- Active time: 1 hour
- Total time:4 hours
- 1 bone-in venison neck, about 5 pounds
- 15 grams dried wild mushrooms
- Kosher salt and freshly ground black pepper
- 3 tablespoons vegetable oil
- 5 ounces slab bacon or pancetta, rind removed and cut into 4 pieces
- 2 roughly chopped onions
- 2 roughly chopped celery stalks
- 2 garlic cloves
- 1 large rosemary sprig
- 2 bay leaves
- 5 sage leaves
- 3 flat leaf parsley stems
- 1 thyme sprig
- 1 long cinnamon stick
- Zest of 1 lemon, removed in wide strips
- 5 cups Barbaresco or other hearty dry red wine
One hour before cooking, remove neck from refrigerator. Pour 2 cup boiling water over the mushrooms in a small bow, and leave them to soak. Preheat the oven to 300 F.
Pat the neck dry and season with salt and pepper. In a dutch oven or large flameproof casserole, heat 2 tablespoons of the oil over medium high heat. Brown the neck on all sides, including the bone. Transfer the meat to a plate and discard any fat from the pot.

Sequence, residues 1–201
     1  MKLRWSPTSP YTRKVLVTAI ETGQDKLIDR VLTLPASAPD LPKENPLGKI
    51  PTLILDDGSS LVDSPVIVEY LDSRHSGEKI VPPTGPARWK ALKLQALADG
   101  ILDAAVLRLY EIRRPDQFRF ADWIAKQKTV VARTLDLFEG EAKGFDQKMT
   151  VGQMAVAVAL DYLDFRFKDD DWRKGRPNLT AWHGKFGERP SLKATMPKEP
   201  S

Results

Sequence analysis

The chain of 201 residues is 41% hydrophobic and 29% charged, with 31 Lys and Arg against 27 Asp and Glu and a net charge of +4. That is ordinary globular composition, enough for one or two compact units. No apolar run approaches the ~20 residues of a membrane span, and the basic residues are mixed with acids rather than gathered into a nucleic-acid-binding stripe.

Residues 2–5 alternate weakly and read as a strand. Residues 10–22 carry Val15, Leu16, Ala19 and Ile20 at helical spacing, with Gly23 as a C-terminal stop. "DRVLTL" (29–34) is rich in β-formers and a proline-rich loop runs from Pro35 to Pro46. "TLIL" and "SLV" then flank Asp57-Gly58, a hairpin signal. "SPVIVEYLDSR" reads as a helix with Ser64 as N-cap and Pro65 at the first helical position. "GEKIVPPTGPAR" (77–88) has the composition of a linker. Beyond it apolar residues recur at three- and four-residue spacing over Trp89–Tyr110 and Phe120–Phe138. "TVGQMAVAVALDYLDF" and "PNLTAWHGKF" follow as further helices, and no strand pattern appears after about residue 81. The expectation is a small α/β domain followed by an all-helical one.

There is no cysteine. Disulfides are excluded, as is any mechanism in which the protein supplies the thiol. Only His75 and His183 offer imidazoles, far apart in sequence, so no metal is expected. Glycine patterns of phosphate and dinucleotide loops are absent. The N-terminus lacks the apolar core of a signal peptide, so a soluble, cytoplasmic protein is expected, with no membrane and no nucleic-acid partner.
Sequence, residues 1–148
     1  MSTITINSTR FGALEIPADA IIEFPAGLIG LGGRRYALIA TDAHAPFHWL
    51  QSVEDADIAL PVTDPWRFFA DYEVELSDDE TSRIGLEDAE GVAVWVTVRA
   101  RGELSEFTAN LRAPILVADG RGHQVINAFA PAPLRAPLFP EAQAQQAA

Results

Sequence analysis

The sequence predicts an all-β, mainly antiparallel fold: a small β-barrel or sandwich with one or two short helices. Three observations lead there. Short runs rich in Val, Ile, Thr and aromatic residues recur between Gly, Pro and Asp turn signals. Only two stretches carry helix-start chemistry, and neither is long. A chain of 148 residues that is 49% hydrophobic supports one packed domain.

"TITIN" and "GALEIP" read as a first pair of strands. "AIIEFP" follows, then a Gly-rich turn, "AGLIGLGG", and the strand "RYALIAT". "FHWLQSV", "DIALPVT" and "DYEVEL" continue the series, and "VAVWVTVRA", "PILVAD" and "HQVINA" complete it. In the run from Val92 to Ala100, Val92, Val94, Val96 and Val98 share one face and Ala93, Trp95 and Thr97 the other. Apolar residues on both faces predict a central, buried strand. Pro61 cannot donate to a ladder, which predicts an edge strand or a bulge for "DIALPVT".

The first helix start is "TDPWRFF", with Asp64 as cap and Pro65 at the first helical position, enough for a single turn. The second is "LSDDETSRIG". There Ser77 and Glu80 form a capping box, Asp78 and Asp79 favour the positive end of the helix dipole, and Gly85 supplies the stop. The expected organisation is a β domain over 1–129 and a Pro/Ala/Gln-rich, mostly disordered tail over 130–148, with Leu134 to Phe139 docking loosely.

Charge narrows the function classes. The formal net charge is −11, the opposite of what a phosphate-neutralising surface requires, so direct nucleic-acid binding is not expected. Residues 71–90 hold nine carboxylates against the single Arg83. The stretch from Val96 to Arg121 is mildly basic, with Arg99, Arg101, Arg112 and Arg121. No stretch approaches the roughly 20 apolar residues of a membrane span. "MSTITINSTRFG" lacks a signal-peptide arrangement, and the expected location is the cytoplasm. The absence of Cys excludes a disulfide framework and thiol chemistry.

Add the bacon or pancetta and the remaining 1 tablespoon of oil to the pot and cook over low heat for 2 minutes. Increase the heat, add the onions, carrots, and celery, and cook until the onions begin to soften, about 5 minutes, scraping the bottom of the pot frequently.
Lift the mushrooms from the soaking liquid and add them to the pot, along with garlic and herbs. Strain the mushroom liquid through a fine sieve, discarding any sand or grid, and the liquid to the pot, with the cinnamon stick and lemon zest. Bring to a boil, deglazing the pot by scraping the browned bits from the bottom.
Place the neck int the pot. Pour in any meat juices, add the wine, and bring to a boil. Cover with a damp piece of parchment paper and then the lid, and braise in the oven for 3 to 3.5 hours. The meat should be very tender and lift easily from the bone.
Transfer the neck to a platter and cover with saran wrap to prevent drying out. Discard the herbs, cinnamon stick, and zest and let the sauce cool off slightly, then puree it with an immersion blender or food processor. Bring the sauce to a boil, skim off the foam, and boil hard for 10 to 12 minutes to reduce it to 4 cups. Cool the meat and sauce separately, then refrigerate overnight.
The next day, remove any fat from the sauce. Preheat the oven to 300 F. Place the neck back into the pot with the sauce and place into the oven. Depending on you like to serve your meat, either serve in the pot, letting your guest take the neck meat off the bone, or debone prior to bring the neck to the table.